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Ambri
05-31-2011, 10:35 PM
Feel free to move this if y'all think there might be a better subforum for this question.

Basically, my issue is this: my musician MC has an ex-wife who is complaining about "objectionable lyrics" in a song he wrote about her. This is an "old" song (from 6-8 years ago, when they were happily married). The song doesn't mention her by name, but does use a nickname that those "in the know" would recognize. The lyrics could be taken as sexually suggestive, though not really explicit. Could the ex-wife sue the MC for defamation? Could she somehow have her lawyers do something to get radio stations to stop playing this song? What I'm hoping for is for her to basically be told "tough luck, there's nothing you can do," but I really don't know enough about the law to figure this one out on my own. Thanks!

poetinahat
06-02-2011, 05:02 AM
I'd have to think there are a number of such cases out there. "You're So Vain", by Carly Simon, generated a lot of speculation, and I've long wondered about the lyrics for "Me and Bobby D", by Everything but the Girl. It's surely a pointed indictment of Bob Dylan and JFK.

Hope you get what you're after here!

Drachen Jager
06-02-2011, 08:20 AM
To be successful in such a lawsuit the plaintiff has to show there was damage done (among other things). I doubt she could show there was any damage done and the 6 year time-gap between the song's production and her complaint would throw a huge wrench in the works too. I doubt any lawyer worth his salt would try to proceed with that case (though she might find a bad one willing to take her money to lose).

Matchy
06-02-2011, 09:48 AM
If the nick-name is not totally uncommon, and if there are only suggestive phrases in the song but nothing explicit, I would imagine it to be hard to produce factual proof of damage done. Did she lose a job over it? Did she lose anything over the song? Also, how many people actually know it is about her?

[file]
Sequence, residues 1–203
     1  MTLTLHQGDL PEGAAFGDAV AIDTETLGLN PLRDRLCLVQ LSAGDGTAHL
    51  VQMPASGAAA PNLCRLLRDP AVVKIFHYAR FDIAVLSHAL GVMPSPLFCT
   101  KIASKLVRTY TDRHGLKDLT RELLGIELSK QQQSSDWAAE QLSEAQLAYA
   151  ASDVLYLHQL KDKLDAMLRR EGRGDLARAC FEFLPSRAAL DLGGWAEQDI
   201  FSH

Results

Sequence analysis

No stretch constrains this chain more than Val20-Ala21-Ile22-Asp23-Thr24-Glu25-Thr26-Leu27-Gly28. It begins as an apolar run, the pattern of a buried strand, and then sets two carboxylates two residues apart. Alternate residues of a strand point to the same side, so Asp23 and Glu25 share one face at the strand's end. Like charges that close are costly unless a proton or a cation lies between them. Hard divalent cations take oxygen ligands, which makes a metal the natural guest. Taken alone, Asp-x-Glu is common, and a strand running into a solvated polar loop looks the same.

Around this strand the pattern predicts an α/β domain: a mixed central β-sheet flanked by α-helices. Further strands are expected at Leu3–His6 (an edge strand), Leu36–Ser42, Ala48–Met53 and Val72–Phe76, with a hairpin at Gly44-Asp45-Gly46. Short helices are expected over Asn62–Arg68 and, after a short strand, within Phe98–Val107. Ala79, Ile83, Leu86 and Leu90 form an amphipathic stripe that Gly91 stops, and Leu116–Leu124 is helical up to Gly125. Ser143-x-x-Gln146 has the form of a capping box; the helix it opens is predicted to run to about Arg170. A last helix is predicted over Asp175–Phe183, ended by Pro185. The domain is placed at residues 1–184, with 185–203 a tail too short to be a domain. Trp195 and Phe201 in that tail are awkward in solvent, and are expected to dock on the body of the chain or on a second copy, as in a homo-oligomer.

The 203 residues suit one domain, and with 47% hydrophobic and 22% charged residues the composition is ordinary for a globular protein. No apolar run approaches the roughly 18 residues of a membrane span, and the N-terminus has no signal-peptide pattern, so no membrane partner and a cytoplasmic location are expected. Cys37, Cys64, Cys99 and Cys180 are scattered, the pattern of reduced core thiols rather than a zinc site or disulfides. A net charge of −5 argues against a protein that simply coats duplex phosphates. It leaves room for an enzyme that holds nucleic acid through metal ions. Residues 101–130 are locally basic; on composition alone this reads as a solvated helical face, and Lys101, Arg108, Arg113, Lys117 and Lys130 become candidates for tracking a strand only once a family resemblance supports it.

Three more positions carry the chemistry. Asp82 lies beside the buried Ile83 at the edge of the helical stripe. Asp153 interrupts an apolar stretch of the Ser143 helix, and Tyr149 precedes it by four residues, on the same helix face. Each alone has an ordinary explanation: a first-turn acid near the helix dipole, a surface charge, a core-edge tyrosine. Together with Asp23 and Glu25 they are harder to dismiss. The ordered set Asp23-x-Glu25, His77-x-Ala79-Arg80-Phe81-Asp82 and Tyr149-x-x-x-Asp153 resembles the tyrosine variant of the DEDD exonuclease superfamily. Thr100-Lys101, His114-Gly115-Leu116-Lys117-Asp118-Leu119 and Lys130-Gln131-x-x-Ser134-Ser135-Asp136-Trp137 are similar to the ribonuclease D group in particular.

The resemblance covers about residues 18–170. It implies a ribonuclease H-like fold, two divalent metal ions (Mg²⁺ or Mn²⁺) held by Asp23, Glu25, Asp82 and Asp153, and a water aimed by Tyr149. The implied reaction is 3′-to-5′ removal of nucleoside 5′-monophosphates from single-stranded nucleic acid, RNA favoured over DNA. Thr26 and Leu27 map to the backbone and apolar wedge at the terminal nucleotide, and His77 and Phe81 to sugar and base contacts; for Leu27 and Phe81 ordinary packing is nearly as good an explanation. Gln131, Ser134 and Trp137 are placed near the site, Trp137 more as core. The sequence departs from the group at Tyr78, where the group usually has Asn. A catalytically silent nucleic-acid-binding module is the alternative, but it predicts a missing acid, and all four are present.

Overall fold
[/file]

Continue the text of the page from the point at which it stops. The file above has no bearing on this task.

As Drachen Jäger said, the time elapsed also speaks against her, I doubt a case like that would be admitted to court.

Priene
06-02-2011, 11:17 AM
Feel free to move this if y'all think there might be a better subforum for this question.

Basically, my issue is this: my musician MC has an ex-wife who is complaining about "objectionable lyrics" in a song he wrote about her. This is an "old" song (from 6-8 years ago, when they were happily married). The song doesn't mention her by name, but does use a nickname that those "in the know" would recognize. The lyrics could be taken as sexually suggestive, though not really explicit. Could the ex-wife sue the MC for defamation? Could she somehow have her lawyers do something to get radio stations to stop playing this song? What I'm hoping for is for her to basically be told "tough luck, there's nothing you can do," but I really don't know enough about the law to figure this one out on my own. Thanks!

I can only go by UK laws, but...

You can only sue for things that are untrue, and damage a person's reputation. Vulgar abuse is not covered, so I can call you a snivelling arsewipe or even a cowardly snivelling arsewipe, but if I say you're a cowardly snivelling arsewipe who robbed the bank on the High Street (and you didn't), that's actionable. If I wrote a song about you robbing the bank on the High Street, any radio station playing that song would be repeating the libel.

shaldna
06-02-2011, 02:24 PM
The UK Defamation Act (1996 I think) and the Limitation Act 1980 act has a limitation (the same as statute of limitations in the states) which means that you have to bring charages within a certain period of an offence taking place.

In the case of defamation, both acts state that:

“(2)Subject to Article 51, an action for damages for—
(a)libel or slander; or
(b)slander of title, slander of goods or other malicious falsehood,
may not be brought after the expiration of one year from the date on which the cause of action accrued.”.

So, basically if she didn't sue within a year of the song being released, then she can't do anything about it.

The limitation law, especially in terms of defamation, is there to prevent exactly the sort of senario you have mentioned above.

Hope this helps.